Photograph by Pat Kirk
UNDER A SPELL: Azmera (Kenya Brome) seeks help from hypnotherapist Philip (Thom Rivera) in 'Tranced.'
One woman's 'Tranced' memories affect history in San Jose Rep production
By Marianne Messina
WHEN SOMEBODY takes control of your options, you fall into a trance," explains Philip Milaad (Thom Rivera), the expert hypnotherapist in San Jose Repertory Theatre's production of Tranced. When African grad student Azmera (Kenya Brome) comes to him with her panic attacks, Dr. Milaad (sounds like malade, French for ill) is not so much a healer as a psycholinguistic chess player. He lulls the cagy and challenging Azmera into trusting him by a series of manipulations. We only learn about his strategy when his office zone goes dark, Azmera freezes like a DVD frame and high-powered Washington journalist Beth (Stacy Ross) arrives on the scene to reveal that the preceding therapy session was a recording.
Like Philip, Beth is a star in her field, and Philip plays back Azmera's horrific story, told under trance, so Beth will write about it. Beth in turn takes the tape to an undersecretary friend/source named Logan (James Carpenter) and pressures him to take action to stop future horrors in Azmera's homeland. Such "frames" of action continue to move outward, a ripple effect from the pebble drop of Azmera's story told on a couch. The sense of water ripples is redoubled by rills of water cascading down a water wall behind the action—designed by Kris Stone with director Barbara Damashek.
Stone adds visual "frames" to the temporal frames, supporting playwright Robert Clyman's idea that trancing occurs whenever we create story boxes and present our version of the world in them. The stage zones, two "power" offices—Logan's and Philip's—merge into each other by way of a central third desk in ambiguous territory. Conceptually neat, this clutter of artifacts and furniture (all black and silver), stretching from one side of the stage to the other, tries, like the play, to say too much (gender power politics to World Bank Machiavellianism), and the production ends up more smart than heart.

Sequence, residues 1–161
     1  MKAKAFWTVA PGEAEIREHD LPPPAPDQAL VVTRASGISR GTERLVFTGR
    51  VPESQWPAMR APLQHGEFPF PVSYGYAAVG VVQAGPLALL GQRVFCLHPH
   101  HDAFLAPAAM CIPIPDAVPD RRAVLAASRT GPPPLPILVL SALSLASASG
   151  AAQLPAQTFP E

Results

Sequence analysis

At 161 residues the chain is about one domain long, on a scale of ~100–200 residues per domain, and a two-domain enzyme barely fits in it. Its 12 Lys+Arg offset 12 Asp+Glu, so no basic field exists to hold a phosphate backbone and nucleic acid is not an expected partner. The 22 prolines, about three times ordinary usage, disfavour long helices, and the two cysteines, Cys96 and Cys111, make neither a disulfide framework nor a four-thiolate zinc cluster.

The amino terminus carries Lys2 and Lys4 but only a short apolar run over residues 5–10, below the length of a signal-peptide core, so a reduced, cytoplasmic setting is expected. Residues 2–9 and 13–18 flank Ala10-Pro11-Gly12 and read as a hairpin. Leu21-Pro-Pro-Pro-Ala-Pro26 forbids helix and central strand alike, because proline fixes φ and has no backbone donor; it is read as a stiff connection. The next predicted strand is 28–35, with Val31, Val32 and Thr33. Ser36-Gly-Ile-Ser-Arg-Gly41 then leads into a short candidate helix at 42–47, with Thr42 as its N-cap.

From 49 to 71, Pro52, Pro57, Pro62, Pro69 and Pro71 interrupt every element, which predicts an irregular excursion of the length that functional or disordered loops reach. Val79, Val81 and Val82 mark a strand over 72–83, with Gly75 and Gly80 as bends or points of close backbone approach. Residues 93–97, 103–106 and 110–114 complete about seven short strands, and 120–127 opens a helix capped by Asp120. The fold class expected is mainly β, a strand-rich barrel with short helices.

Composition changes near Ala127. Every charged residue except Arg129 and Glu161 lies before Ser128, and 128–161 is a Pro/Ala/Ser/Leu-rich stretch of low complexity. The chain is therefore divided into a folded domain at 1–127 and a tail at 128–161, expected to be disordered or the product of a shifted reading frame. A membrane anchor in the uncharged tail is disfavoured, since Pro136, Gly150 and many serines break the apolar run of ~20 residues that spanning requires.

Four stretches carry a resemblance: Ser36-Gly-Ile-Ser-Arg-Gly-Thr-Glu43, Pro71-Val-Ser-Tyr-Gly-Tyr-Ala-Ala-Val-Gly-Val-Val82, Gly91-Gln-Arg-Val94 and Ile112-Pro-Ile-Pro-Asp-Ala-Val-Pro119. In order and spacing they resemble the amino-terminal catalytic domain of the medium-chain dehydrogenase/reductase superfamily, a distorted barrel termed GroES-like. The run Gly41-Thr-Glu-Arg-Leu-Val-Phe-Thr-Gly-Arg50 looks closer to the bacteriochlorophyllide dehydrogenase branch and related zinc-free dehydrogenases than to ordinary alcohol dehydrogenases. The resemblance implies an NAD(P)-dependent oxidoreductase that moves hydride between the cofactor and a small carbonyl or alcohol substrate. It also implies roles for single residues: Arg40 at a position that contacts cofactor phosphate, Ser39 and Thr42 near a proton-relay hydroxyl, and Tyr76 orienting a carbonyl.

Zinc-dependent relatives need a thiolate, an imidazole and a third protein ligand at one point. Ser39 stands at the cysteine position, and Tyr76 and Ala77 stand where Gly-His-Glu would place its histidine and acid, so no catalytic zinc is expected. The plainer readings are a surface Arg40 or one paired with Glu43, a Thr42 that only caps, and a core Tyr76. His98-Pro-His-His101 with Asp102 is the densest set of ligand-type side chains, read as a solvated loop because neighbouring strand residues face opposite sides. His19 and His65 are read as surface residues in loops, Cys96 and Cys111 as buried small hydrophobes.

In the plot's many turns, everyone seems to be hiding or scheming or manipulating while the calm water burbles on, enhanced by Daniel Ordower's tasteful lighting and occasional sound, an impressionistic Africa in drums and faux kalimbas. This watery stillness can't help but foreground the shabbiness of much human machination. Brome makes a wonderful Azmera, bright enough to be a graduate student, type-A enough to be having panic attacks and believable in accent and rhythm. The actual trancing mechanism seems a little too subtle—or maybe I was tranced and missed it. Yet, not too tranced to miss Stacy Ross's twitching right index finger (a nice touch) as Philip makes the suggestion that Azmera raise her right index finger.
Ross' sophisticated phrasing takes Clyman's frequent trailed-off sentences and makes them hint at multiple meanings. Rivera's Philip is a bit of a stiff at first, his casual/calculated wit coming off like something you might see in a presidential debate. James Carpenter seems to have poured himself into Logan with a natural ease; his sexist humor pulls together strands of friendly, self-deprecating and irritating. Oddly, in this liberal-leaning exploration of manipulation, global and interpersonal, the token conservative turns out to be the most warm-feeling character.
TRANCED, a San Jose Repertory Theatre production, plays Tuesday at 7:30pm, Wednesday–Friday at 8pm, Saturday at 3 and 8pm and Sunday at 2pm through Feb. 24. Tickets are $37–$55. (408.367.7255)
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